Gunslingers Bring SASS to Shooting


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Drizzt
February 20, 2003, 05:20 PM
Gunslingers Bring SASS to Shooting

BY SKIP KNOWLES
THE SALT LAKE TRIBUNE

The new firepower in the gun-rights movement may not come from zealots defending cop-killer bullets or assault rifles, but folks who like fake badges, curly mustaches and spaghetti-western aliases.

Joan "Arizona Rose" Bailey of South Jordan gets admiring looks from the gentlemen for her choice in late winter fashion: a dark purple velvet dress and black leather boots.

Of course, this cowgirl accessorizes with a real Colt .45 -- and she knows how to use it. Bailey is part of a growing cowboy-style shooting craze taking hold at gun shows across the country -- most recently at the South Towne Expo Center in Sandy last weekend.

The guns are blazing and the bullets are real, but for members of the fast-growing 50,000-member Single Action Shooting Society (SASS), dressing up in outlaw getup and blasting metal targets is all fooling, no dueling.

God created men, but Samuel Colt made everybody equal, the old saying goes. And women who strap on a revolver grow taller fast.

Giggly and about 5 feet 2, Bailey first picked up a gun five years ago. She shoots a .45-caliber pistol and a 12-gauge shotgun because "I don't like wimpy guns." And she made a great swap at the gun show, trading her husband's rifle for a new lever-action Winchester.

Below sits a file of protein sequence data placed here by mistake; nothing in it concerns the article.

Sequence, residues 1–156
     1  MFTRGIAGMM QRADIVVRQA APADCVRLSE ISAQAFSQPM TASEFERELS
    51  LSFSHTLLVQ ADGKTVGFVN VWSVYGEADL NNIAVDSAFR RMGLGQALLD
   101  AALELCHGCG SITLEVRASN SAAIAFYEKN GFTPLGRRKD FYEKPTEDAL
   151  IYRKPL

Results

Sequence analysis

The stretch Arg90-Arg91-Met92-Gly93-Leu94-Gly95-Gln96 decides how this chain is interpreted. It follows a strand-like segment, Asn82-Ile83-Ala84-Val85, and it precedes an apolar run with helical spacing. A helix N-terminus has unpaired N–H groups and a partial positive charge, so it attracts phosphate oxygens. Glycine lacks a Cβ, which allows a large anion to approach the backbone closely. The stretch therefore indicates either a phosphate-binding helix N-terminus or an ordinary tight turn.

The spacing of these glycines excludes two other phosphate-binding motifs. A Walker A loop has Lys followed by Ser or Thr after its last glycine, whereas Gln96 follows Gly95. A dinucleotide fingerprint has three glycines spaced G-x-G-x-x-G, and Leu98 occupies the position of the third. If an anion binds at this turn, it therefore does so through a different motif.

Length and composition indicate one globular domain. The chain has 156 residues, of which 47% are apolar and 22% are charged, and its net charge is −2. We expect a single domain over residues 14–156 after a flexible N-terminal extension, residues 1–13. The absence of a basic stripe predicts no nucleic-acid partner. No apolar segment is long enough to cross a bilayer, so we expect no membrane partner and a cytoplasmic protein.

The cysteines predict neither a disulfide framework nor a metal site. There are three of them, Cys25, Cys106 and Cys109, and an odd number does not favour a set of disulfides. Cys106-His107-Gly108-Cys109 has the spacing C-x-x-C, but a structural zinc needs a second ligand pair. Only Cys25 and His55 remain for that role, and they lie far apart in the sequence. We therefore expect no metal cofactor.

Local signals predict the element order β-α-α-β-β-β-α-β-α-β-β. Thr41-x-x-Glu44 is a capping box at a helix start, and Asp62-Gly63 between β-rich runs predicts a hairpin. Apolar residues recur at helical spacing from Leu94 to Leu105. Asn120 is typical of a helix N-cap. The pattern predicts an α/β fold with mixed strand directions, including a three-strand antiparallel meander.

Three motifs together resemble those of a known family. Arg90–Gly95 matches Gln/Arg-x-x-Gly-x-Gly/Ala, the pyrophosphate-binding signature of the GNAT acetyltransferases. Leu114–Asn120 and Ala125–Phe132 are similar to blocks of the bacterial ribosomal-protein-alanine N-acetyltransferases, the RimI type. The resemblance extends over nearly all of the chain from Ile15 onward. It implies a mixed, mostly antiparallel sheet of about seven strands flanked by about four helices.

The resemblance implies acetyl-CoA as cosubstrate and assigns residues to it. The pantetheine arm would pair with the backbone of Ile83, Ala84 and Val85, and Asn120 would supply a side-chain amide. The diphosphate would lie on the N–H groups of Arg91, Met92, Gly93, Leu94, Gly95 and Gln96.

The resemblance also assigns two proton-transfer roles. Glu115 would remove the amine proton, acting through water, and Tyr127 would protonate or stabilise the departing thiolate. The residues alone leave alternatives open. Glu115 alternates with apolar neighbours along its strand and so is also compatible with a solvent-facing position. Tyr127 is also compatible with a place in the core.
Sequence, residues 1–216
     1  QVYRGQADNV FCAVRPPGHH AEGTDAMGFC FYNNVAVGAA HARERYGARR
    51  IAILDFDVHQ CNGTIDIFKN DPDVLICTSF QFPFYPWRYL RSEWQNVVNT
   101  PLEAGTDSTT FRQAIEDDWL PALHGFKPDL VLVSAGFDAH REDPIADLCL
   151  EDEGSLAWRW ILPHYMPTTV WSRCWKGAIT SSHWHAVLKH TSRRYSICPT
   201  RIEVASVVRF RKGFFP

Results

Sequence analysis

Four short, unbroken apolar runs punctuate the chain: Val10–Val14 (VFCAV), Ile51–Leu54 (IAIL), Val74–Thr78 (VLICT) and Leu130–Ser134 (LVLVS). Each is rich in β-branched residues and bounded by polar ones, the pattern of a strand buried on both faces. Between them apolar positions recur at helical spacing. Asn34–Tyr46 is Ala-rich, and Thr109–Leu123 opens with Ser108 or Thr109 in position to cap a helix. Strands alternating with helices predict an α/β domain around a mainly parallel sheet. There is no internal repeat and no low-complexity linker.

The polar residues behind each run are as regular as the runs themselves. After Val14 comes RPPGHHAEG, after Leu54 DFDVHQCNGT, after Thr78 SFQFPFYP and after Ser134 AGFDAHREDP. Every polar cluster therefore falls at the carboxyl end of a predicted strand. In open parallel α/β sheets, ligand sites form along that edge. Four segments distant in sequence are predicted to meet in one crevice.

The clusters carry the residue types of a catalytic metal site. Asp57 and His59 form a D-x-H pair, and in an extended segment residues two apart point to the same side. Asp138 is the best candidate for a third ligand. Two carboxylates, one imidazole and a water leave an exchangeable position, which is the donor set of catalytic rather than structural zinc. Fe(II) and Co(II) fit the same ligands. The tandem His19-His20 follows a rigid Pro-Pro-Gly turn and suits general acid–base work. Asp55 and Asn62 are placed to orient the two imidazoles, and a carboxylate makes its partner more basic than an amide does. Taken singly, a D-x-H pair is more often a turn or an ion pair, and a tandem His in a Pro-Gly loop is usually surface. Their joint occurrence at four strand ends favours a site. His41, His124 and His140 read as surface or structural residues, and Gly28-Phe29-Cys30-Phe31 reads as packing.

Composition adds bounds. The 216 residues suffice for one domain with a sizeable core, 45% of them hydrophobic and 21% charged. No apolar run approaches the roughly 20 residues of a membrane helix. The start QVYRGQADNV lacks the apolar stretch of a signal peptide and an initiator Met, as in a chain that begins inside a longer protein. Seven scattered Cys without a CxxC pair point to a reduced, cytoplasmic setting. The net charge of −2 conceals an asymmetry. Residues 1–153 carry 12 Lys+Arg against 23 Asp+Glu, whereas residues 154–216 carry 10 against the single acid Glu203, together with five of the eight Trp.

Her biggest thrill, though, is gunning down metal targets for time and accuracy scores in front of a cheering crowd. The Baileys hit 17 shooting competitions a year.

Being Annie Oakley or Wyatt Earp for a day is a thrill for the gunners, and the best part is, they don't really get shot. In 23 years, SASS has had no major accidents, according to Mark Hanson, president of the Beehive Bushwhackers shooting club.

"Our people are the biggest selling feature. We have truck drivers, attorneys, real cowboys and escapists," said Hanson, a real estate manager who turns into Wild Bill Hickok on the weekends.

Hanson strikes an imposing figure, but not many targets. He is a lousy shot, but he has a sense of humor about it.

"If you don't shoot good, at least look good," he said.

The only rules: no baseball caps and no sneakers.

Utah's 13 cowboy shooting clubs are among hundreds worldwide, from Australia to Europe. Blasting targets from horseback is the latest SASS craze, and women are some of the best at it.

"These gals are incredible," Hanson said.

Cowboy action shooting has breathed new life into the gun industry, said Kaysville resident Bob Templeton, who runs the Crossroads of the West Gun Show.

"It's historical, broadly based and the fastest growing segment of the gun industry," he said. "They have a lot of fun."

http://www.sltrib.com/2003/Feb/02202003/utah/31156.asp

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Frohickey
February 20, 2003, 06:03 PM
Anyone can join in on SASS fun...

I'm thinking of going in dressed in my polypropylene thermal underwear, as a native American... Buck Nekkid!!!! :D :D :D

Carbon_15
February 20, 2003, 10:40 PM
cowboy-style shooting craze taking hold at gun shows

Hmm...Cowboy action shooting is taking hold at gunshows...I haven't seen a single cowboy match break out at the gun show. :D

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